Greinke Tried to Talk Yankees into Trading For Him 8

zack greinkeVia Jon Heyman of Sports Illustrated:

Though he knew he wanted out of Kansas City, which has a promising future but looks like it will have a brutal present, [Zack Greinke] wasn’t sure where he wanted to be. He told friends he didn’t think he could play in Boston or New York. But when he and Yankees general manager Brian Cashman met clandestinely in Orlando (Greinke’s hometown) at an off-site location during the winter meetings, Greinke’s desperation not to endure yet another losing season in Kansas City was such that he is said to have tried to convince Cashman that he wanted to come to New York. And that he could actually thrive in New York.

However, people who were briefed on that meeting said Cashman ultimately decided that Greinke’s first thought about New York was probably correct — that it wasn’t the best spot for him. Greinke told people the day he accepted his Cy Young Award in New York City that he didn’t think he could ever live in New York, and kept telling friends the same. But as the days dwindled this winter, he made his surprise plea to Cashman to make him a Yankee.

The Yankees, on paper, seemed like a fit. They had Greinke’s less talented brother in their farm system and they were desperate for great pitching. But members of the organization are all believed to have sided with Cashman in a winter where he was occasionally overturned (most notably on Rafael Soriano).

It just speaks to how strongly the Yankees believe that the Bronx is the wrong place for Greinke that he lobbied them to make a deal for him and they didn’t really make any push at all for him despite a strong need for starters. Greinke is a good pitcher too, but when a guy publicly says that he wouldn’t feel comfortable in a place, the tendency is to believe him. Only when he felt more uncomfortable in Kansas City did he turn to the Yankees.

Part of me wonders what role his brother Luke Greinke played in this situation. Luke was a Yankee draft pick back in 2008 and while pitching for the Staten Island Yankees, he told me that he wasn’t a big city guy and felt uncomfortable not only pitching in New York City, but didn’t even like being here. It’s possible that the Yankees saw how Luke reacted and worried that Zack might feel the same way.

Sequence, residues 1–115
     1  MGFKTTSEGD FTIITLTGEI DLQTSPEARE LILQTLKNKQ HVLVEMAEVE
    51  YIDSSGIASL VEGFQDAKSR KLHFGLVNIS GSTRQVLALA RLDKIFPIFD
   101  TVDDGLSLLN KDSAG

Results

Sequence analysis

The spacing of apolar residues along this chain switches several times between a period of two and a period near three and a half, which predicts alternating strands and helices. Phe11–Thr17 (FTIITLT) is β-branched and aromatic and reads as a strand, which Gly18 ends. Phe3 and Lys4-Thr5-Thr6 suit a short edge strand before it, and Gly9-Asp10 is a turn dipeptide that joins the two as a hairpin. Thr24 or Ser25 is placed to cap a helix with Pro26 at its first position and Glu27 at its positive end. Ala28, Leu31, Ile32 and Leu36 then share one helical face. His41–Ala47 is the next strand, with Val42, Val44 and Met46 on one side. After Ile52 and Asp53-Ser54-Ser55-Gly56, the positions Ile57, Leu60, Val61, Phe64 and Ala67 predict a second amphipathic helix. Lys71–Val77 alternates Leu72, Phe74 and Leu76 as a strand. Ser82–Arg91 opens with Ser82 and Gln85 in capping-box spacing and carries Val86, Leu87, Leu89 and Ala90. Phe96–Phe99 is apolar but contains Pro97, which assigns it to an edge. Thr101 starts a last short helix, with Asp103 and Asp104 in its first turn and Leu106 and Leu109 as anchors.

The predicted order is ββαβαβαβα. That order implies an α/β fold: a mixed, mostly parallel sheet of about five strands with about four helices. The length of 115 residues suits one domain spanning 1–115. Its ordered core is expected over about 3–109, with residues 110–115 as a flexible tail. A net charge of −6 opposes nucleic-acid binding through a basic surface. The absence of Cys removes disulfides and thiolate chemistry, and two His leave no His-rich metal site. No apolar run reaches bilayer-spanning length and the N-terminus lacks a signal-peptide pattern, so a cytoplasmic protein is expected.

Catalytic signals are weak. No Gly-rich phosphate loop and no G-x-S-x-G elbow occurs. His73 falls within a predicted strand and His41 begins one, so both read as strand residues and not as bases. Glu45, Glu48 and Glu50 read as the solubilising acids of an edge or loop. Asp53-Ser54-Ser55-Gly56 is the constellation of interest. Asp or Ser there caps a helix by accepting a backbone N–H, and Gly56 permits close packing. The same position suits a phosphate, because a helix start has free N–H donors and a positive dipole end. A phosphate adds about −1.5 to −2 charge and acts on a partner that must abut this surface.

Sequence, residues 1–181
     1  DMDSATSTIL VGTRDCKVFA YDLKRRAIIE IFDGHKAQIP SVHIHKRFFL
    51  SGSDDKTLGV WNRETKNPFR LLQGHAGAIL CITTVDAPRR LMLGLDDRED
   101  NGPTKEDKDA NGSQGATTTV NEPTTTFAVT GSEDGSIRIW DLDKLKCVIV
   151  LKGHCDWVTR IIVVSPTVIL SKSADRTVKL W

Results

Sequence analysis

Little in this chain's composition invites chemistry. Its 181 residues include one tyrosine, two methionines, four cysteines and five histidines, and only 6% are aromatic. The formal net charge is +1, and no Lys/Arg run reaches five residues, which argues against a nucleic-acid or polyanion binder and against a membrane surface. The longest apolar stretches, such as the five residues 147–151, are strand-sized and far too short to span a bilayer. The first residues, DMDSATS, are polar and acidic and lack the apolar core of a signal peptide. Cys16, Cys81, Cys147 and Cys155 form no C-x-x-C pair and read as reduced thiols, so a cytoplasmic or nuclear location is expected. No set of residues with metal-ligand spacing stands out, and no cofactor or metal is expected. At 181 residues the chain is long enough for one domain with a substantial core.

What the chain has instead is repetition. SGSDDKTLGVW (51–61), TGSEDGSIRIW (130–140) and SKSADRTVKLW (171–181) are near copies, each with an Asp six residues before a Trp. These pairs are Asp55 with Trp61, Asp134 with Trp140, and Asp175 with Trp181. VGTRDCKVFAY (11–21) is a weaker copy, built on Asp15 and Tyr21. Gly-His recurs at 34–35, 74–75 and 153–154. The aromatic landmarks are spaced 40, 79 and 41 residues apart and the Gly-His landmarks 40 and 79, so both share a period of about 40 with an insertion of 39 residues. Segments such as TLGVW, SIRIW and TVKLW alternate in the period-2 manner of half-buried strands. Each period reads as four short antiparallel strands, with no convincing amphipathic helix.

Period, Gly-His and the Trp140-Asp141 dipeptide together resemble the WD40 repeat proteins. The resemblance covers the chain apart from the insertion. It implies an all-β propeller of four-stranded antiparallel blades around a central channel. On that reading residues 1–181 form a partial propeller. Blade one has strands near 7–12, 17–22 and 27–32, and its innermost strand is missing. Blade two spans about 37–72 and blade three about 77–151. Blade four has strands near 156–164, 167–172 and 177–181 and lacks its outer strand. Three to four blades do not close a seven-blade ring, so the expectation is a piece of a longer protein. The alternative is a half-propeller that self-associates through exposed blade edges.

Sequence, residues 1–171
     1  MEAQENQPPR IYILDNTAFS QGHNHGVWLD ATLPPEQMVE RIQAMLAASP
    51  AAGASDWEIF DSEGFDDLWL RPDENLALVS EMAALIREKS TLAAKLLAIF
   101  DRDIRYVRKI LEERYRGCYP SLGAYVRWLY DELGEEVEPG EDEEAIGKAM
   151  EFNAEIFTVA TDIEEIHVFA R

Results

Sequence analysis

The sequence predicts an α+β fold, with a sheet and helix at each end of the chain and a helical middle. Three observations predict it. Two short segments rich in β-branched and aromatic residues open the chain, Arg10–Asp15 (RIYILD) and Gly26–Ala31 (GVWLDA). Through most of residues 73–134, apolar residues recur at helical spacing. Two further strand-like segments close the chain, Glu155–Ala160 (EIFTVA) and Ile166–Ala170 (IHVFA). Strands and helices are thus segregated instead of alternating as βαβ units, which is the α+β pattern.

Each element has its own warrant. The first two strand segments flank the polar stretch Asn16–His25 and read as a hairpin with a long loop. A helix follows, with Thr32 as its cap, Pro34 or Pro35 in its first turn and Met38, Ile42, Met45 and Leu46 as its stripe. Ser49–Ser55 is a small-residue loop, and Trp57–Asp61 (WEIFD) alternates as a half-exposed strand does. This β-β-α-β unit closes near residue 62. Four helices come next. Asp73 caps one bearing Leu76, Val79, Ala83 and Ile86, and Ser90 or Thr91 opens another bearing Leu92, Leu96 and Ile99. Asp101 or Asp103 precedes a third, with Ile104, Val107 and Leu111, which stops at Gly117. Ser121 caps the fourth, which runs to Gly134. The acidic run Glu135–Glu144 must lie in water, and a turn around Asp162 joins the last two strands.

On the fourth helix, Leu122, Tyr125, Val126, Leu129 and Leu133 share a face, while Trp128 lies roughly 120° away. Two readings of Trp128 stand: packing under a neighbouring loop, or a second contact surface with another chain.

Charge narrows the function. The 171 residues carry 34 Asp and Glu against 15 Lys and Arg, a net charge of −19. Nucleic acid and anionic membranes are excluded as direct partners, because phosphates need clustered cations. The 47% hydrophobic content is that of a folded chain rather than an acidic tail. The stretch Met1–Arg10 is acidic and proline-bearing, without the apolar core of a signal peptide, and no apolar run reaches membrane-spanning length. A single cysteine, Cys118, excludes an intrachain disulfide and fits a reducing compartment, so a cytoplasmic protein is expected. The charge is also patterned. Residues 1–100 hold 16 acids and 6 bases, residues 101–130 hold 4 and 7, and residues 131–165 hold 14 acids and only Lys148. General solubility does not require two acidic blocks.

The Brewers look to have a good team this season, but Greinke won’t be a free agent until after the 2012 season. If the Brewers are not contending next season after they lose some of their offensive punch in Prince Fielder (a free agent after this season), it is possible that Greinke could be back on the trade market before he hits free agency in two years.

About Rob Abruzzese

Rob Abruzzese created Bronx Baseball Daily in 2008 just before graduating from Brooklyn College. He currently serves BBD as its editor and works as a reporter at the Brooklyn Daily Eagle. Follow Rob on Twitter @RobAbruzzese.

8 thoughts on “Greinke Tried to Talk Yankees into Trading For Him

  • geo

    Heyman didn't do his research very well here. The Yanks released Luke Greinke two years ago, after he blew out his shoulder, so his presence (or lack thereof) in their system would have had zero bearing on the situation in late 2010.

  • Susan

    " However, people who were briefed on that meeting said Cashman ultimately decided that Greinke’s first thought about New York was probably correct — that it wasn’t the best spot for him "

    And I would argue that New York probably isn't the best spot for Cashman.

  • Bronx Knight

    The quote from Jon Heyman makes it seem as if the Yankees were concerned that Greinke wasn't going to like living in New York. That's not the problem. He could get a small farm in Dutchess County and live the country life if he wanted. The much more serious problem is that Greinke has a bona-fide, diagnosed social anxiety disorder, which causes him trouble even in tiny Kansas City. Being a Yankee in the New York media market has chewed up and destroyed guys a lot less shy than Greinke.

  • Bronx Knight

    Having said that, given our dire need for starting pitching, I had suggested that we could hire a full-time minder for Greinke, to help him deal with the media and any social issues he might have (some kind of trained psychologist, for instance). The analogy is to the interpreters we've hired for non-English-speaking stars like Matsui.

    But, given Greinke's issues, I can certainly understand Cashman's refusal to deal for him.

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